Wouldn’t it be great if everyone had a handicapped parking space?
Obviously, this can’t happen – the whole point of handicapped spaces is that they provide the physically disabled with closer proximity to buildings than the physically abled – but an equivalent is possible when it comes to social interactions. To understand what I mean, though, it is first necessary to explain a form of ableism with which high-functioning autistics (HFAs) are confronted every single day.
I’m referring to how, when you are an HFA, friends, and other associates will often discontinue their relationships with you without ever explaining why.
This has happened to me more times than I can count. Most recently I lost my best friend when, after I apologized over what I’d believed was a simple disagreement, he stopped talking to me without explaining why (and despite repeated requests on my part that he do so). This was even more hurtful because he has known for years that I have autism, and I made it clear that I didn’t know why he was upset with me for that reason – but he simply didn’t respond.
Like I said, though, this is only the most recent example, and at least there had been a minor disagreement (or what I perceived to be minor) that precipitated it. When a friend I had known since middle school froze me out, it had come out of nowhere; the same is true for a fashion blogger with whom I had often collaborated. “I can safely say there is nothing more infuriating than me misreading a cue, this causing a large problem, and then being left for dead – radio static, nothing,” explains my friend Josh, who is also an HFA and one of the most brilliant men I know (he is currently an undergraduate studying physics). “It’s happened enough times between friends and significant others to warrant a small novel. The problem is, neurotypicals (like any other advantaged group) approach these social playing fields as if everyone is on the same level.”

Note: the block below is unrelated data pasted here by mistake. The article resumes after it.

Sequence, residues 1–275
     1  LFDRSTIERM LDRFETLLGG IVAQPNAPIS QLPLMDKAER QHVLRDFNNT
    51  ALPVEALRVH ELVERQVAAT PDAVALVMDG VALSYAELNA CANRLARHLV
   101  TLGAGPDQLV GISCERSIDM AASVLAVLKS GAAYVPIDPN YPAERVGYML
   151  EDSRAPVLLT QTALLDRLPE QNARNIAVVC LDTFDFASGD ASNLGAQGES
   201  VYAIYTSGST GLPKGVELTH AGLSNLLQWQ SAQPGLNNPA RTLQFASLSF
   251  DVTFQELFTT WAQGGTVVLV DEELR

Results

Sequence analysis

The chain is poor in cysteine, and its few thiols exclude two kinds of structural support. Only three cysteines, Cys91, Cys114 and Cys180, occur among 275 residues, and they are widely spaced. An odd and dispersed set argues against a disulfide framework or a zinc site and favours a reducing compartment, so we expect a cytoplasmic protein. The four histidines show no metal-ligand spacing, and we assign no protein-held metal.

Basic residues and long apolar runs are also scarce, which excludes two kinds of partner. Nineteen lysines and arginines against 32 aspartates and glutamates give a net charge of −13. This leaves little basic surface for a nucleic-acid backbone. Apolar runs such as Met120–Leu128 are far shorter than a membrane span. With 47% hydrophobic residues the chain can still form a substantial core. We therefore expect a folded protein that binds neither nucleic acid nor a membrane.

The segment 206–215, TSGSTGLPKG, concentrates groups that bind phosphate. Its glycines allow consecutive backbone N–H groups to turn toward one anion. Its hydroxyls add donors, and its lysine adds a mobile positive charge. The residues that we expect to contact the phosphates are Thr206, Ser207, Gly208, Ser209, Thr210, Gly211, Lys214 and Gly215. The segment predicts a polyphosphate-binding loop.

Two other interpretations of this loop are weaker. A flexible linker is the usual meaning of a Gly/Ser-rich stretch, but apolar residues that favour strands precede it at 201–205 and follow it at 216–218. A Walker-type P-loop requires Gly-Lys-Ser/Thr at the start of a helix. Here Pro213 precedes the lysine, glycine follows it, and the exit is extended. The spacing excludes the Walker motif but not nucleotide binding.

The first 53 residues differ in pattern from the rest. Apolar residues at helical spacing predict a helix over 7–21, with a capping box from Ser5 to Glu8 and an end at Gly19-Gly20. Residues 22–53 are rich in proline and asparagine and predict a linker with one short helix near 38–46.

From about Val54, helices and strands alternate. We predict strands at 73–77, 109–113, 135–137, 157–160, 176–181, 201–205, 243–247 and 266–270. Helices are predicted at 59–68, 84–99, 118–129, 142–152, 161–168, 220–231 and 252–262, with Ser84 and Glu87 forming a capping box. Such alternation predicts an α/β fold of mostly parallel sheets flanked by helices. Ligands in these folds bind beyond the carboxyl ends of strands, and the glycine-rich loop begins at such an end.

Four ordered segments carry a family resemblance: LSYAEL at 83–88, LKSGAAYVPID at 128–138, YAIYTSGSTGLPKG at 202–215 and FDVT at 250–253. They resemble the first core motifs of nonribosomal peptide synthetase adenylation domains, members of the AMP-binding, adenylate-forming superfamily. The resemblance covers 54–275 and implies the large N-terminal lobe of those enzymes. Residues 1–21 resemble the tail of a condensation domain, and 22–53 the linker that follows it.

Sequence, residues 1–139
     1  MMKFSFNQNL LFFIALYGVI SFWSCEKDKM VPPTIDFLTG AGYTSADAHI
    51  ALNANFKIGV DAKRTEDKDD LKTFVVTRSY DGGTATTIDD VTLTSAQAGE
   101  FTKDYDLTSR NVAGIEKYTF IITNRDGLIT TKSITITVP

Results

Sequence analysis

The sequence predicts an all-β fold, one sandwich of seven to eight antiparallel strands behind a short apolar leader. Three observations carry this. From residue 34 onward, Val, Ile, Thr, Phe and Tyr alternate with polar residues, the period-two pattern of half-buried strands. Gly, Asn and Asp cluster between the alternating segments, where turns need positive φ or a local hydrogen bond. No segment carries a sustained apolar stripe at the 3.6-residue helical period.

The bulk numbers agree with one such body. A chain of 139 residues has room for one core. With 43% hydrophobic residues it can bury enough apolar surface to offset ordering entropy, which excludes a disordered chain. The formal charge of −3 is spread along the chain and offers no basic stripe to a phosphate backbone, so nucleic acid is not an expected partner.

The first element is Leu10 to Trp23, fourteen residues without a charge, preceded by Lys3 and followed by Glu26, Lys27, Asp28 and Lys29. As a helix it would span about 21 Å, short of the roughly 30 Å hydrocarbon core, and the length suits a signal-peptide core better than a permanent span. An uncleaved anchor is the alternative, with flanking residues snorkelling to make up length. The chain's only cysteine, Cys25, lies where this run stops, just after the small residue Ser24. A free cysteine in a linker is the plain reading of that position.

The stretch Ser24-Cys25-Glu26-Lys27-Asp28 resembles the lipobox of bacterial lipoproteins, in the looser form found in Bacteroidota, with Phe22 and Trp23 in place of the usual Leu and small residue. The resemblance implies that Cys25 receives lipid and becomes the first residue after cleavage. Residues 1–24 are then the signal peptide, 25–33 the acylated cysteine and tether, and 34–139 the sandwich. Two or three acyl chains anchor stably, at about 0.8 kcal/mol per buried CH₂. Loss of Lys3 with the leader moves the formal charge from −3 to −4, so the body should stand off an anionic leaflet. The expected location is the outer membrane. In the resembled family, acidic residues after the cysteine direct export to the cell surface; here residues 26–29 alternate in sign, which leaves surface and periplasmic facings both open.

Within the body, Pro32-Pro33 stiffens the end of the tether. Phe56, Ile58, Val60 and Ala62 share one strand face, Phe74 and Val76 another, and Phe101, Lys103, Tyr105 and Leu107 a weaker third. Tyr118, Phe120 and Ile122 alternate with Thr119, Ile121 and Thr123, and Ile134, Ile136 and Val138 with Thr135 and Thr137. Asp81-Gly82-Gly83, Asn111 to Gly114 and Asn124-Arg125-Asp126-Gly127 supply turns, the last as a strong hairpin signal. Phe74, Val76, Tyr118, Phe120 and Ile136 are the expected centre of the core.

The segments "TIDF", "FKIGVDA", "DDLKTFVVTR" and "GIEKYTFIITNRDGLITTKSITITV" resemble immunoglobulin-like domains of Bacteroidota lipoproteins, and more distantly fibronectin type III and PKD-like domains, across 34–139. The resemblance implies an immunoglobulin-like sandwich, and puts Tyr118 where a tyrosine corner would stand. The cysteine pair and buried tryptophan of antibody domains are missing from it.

Josh isn’t the only HFA I know who has complained about this; indeed, being arbitrarily dropped is BY FAR the number one complaint I’ve heard from fellow HFAs since I began discussing these issues as a public figure. It is also, by far, the concern that neurotypicals are most likely to dismiss when it is brought to their attention. Three reasons are usually given for that dismissal. The first (and most despicable) is that this is simply a part of life and HFAs simply need to get used to it – a statement that belies privilege if there ever was one.
Then there are the people who claim that, while the neurotypicals who do this to HFAs are wrong, we need to understand that it’s because explaining why they want to discontinue an association makes them “uncomfortable.” The flawed reasoning here is that they say this as if it ends the conversation. What they’re ignoring is that systems of privilege are usually supported by the discomfort that dismantling them would cause the privileged (think how often people who use racial slurs complain that they don’t want to police their speech). Because people who can’t read nonverbal social cues are at a disadvantage, not verbalizing why you’re distressed with them is ableist and abusive – regardless of whether you intend for it to be that way. Your discomfort at the thought of accommodating HFAs isn’t where the conversation ends; it’s where it begins.
This point is so important that it bears repeating. It doesn’t matter how many yellow ribbons you wear or how much change you drop into those little charity containers for autistics at your local supermarket. If you are unwilling to show the most basic kindness in your interpersonal relationships with an autistic person, then you are abusing your ableist privilege. That doesn’t mean you have to maintain an association with an autistic person if you don’t want to, but unless you have sound reason to feel threatened by that individual (and I’m talking extreme situations here), it is ableism to freeze out someone who is neurologically incapable of understanding why. Just as I’ve lost count of how many times this has happened to me, so too have I lost track of how many HFAs have discussed how traumatizing it has been when this repeatedly happens to them.
This brings me to the third point I usually hear from neurotypicals when I bring this up – namely, that everyone gets frozen out. While I don’t doubt that this is true, there is a traumatizing aspect to the experience for those who are socially disabled that the socially abled simply cannot comprehend. Of course, that doesn’t make it okay when it happens to neurotypicals… and so I return to my earlier parking space analogy. Although we can’t live in a society where everyone gets a handicapped parking space, we can live in one where every individual is accountable for their social decisions. Indeed, because high-functioning autism often isn’t self-evident, perhaps it would be better if each person erred on the side of caution and simply treated each other… Well, like human beings.
Then again, perhaps the notion of actually applying The Golden Rule to every man, woman, and child is too radical even for an article like this one. At the very least, though, if you know someone who is on the autism spectrum, learn that freezing them out is no better than parking in a handicapped space.
Photo: Flickr – hepingting/”siblings-of-kids-with-autism”